Our findings show a concerning situation where these companies almost always comply with an increasing number of content moderation requests from the Vietnamese government, with the compliance rate consistently above 90% over the years, including geographical restrictions and content removals. At the same time, the government and some tech companies acknowledge that a significant portion of the restricted or removed content is government criticism, which is protected speech under international human rights law. Notably, Meta even maintains a secret list of Vietnamese Communist Party’s officials who are immune from criticism on their platform, Facebook.

Regarding users’ data, our findings demonstrate a positive practice by the companies, with a very low number of government requests being complied with. Additionally, these companies—with the exception of TikTok, for which we lack evidence on the location of Vietnamese users’ data—consistently store users’ sensitive data outside the country while maintaining cache servers in Vietnam where non-sensitive users’ data is processed.

The report also highlights an alarming trend of the Vietnamese government deploying cyber troops and trolls to manipulate online discussions, spread disinformation, and make false reports on platforms such as Facebook and YouTube. The government-backed Force 47’s and Task Force 35’s operations have been overwhelmingly effective in manipulating Facebook and YouTube, targeting government critics, including human rights defenders and marginalized communities, while these platforms have taken almost no concrete actions to prevent them.

However, the report also shows instances of foreign tech companies clashing with the government, indicating both a significant resistance to the government’s illegitimate requests and their inability to fully comply with these requests. Facebook notably suffered a severe traffic slowdown in early 2020 due to government intervention and could only restore normal operations after agreeing to censor more political content. Other tech companies have faced major pressure from the government to open local offices and allow government inspectors access.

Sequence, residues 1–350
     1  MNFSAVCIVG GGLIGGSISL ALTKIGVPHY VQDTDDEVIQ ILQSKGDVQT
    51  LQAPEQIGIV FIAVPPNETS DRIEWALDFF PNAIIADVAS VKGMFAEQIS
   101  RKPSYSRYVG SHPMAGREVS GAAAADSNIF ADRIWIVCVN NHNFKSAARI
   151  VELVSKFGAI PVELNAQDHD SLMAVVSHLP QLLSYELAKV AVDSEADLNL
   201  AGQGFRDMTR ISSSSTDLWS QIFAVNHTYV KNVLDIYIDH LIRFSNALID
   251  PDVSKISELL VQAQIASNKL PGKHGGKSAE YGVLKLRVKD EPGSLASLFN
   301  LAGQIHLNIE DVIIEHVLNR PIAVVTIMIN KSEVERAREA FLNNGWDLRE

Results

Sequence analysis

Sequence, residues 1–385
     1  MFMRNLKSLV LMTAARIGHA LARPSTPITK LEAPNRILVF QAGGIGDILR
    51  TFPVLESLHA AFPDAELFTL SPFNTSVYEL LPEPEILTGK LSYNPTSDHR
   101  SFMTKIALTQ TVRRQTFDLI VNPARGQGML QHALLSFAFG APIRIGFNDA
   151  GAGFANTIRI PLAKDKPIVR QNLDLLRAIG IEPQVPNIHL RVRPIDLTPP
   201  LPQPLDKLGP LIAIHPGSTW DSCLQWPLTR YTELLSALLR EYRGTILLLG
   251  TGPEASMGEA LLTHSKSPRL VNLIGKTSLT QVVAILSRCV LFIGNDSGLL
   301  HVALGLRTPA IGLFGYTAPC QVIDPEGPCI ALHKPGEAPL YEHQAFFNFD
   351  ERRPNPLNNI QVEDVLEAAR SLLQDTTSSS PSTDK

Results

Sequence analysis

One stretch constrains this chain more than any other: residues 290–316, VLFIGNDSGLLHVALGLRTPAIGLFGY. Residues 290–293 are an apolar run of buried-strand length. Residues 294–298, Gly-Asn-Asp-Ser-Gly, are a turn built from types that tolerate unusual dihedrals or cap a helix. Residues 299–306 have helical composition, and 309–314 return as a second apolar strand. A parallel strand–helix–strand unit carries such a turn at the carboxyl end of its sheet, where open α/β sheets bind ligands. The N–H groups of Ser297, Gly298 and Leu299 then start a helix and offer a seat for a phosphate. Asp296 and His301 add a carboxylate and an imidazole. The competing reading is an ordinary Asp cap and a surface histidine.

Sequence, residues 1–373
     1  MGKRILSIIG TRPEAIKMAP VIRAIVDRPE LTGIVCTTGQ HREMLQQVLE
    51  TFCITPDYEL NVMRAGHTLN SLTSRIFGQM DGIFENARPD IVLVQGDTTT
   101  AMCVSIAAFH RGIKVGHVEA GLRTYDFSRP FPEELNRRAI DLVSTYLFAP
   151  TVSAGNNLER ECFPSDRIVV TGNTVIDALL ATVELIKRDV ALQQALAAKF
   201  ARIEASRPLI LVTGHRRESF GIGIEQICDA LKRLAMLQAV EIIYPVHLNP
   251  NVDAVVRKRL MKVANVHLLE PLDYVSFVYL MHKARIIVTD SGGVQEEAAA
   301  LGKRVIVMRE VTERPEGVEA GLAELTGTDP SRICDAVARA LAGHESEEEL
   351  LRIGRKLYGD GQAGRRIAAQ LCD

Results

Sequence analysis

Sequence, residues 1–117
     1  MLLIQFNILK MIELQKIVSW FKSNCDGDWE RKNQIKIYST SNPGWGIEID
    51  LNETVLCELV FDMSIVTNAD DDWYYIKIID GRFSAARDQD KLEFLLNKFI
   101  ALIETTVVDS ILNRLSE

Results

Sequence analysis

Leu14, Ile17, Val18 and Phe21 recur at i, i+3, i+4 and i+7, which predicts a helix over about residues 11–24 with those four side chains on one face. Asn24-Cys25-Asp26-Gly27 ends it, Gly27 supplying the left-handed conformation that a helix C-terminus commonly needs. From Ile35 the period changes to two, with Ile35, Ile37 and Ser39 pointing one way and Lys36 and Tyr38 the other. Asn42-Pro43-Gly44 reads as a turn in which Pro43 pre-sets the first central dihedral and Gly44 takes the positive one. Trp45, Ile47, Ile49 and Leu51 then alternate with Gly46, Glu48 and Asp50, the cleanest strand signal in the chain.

Although the report focuses on foreign tech companies’ operations, it also provides examples of how Vietnamese users are punished criminally and administratively by the government. These examples should inform the companies about the costs their users must pay to exercise basic human rights.

Finally, the report offers a list of recommendations for both foreign tech companies and governments to improve human rights policies and practices in the tech sector. Recommendations for tech companies include resisting the government’s illegitimate requests for content moderation and user data, implementing end-to-end encryption to protect user data, removing government-backed forces that manipulate platforms, being more transparent in handling government requests, and supporting nonprofits and human rights defenders. For governments, the recommendations include enforcing existing treaties with the Vietnamese government to ensure a free and open Internet, introducing more human rights-friendly legislation, and holding tech companies accountable for their overseas human rights practices.

Thank you for your attention.

We hope you will find the report useful, and we appreciate any feedback.


  • Trần Quỳnh Vi, Executive Director,
  • Trịnh Hữu Long, Editor-in-Chief, author,

Learn more about LIV:

About us
Legal Initiatives for Vietnam’s (LIV) mission is to build a democratic society in Vietnam through independent journalism, research, and education. LIV was founded by Trịnh Hữu Long, Trần Quỳnh-Vi, Phạm Đoan Trang and Trương Tự Minh in 2014 as a small legal publication, which has now become its core project